Countless delightful musical and lyrical moments abound. Sometimes he writes songs like “Daisy,” that seem sprung directly out of a romantic springtime circa 1926, all rosy ragtime rhythm and spry romantics, including naked cartwheels and a slide trombone.  “I Can’t Stop Loving You” resounds like a modern standard, a song Elvis would have sung the hell out of, poignantly punctuated with acoustic slide guitar. “Seven Songs” is all aching melodicism, haunted like an ancient sea shanty discovered in a shipwreck bottle, a chilling dream of distant, oceanic mystery.  “Argentina” is an exquisite anthem of yearning, set long ago in a dusty western town, connected by stagecoach and dreams.  Savoring the greatness of every day, every moment, is “Savor The Day,” while the hectic blur of modern times is sweetly projected  in “A Little Busy,” in which our hero lists all the reasons there’s no time to do much but make lists.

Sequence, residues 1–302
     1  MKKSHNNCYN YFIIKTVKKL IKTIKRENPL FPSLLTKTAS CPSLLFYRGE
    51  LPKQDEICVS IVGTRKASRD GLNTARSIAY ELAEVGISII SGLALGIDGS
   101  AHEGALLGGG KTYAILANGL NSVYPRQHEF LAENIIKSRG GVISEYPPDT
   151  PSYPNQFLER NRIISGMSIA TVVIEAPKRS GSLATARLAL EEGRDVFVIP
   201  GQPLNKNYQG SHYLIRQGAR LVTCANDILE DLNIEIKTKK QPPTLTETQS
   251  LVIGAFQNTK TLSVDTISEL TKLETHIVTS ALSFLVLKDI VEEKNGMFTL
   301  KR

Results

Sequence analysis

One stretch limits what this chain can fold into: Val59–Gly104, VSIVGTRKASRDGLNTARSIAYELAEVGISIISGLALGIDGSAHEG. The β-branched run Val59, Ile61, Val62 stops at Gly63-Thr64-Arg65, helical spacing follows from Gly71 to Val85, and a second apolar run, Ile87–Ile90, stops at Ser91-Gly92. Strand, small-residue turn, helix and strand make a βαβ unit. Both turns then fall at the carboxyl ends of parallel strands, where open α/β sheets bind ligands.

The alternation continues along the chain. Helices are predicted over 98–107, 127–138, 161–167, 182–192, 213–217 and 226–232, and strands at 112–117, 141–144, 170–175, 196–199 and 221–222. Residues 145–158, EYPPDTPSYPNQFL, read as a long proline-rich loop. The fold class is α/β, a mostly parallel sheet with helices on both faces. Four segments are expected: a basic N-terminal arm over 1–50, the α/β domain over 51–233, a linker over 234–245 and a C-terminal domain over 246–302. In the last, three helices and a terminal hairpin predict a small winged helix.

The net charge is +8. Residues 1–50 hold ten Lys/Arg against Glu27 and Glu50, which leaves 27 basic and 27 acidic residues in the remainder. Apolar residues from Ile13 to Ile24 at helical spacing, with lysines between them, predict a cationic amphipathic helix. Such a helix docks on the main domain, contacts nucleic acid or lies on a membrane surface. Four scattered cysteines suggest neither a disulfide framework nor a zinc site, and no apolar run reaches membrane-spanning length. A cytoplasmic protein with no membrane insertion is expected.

It brings to mind the old understanding that “limitations create possibilities.” Give a poet just a few lines, and timeless haiku can emerge. Give James two voices and a guitar, and a universe of possibilities emerge. Always a genius with vocal and guitar arrangement, he’s got a knack for devising the indispensable part, the part that holds the thing together. He’s a man content, not unlike Buddha, with the essentials.

“Life is a grand and fragile thing,” they sing with a great acoustic R&B groove on “Hands Up.” The same can be said of a song – grand in its ability to inspire and to defy time, yet so essentially delicate, composed of ethereal, intangible elements, language and melody.  That fragility is at the heart of this song cycle. This is music for humans. It’s all about the human heart, and its endless capacity for love and empathy.

These are times of much dissonance and disorder, chaos and confusion, with ceaseless stories of humans clashing every day. Sometimes the news gets so dire there seems no room for hope. But then we hear this – the sound of James and LeAnne joining their two voices in perfect harmony, locked in luminous song. And it doesn’t get any better. This whole world could fall apart but when you have something like this to hold onto, there remains room for hope. It’s all you need.

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Story Behind The Song: “Fire & Rain” by James Taylor

•February 11, 2015 • Leave a Comment


James Taylor

“Fire and Rain”

 

"Sweet Baby James," the famous cover by Henry Diltz.

“Sweet Baby James,” the famous cover by Henry Diltz.


As told to Paul Zollo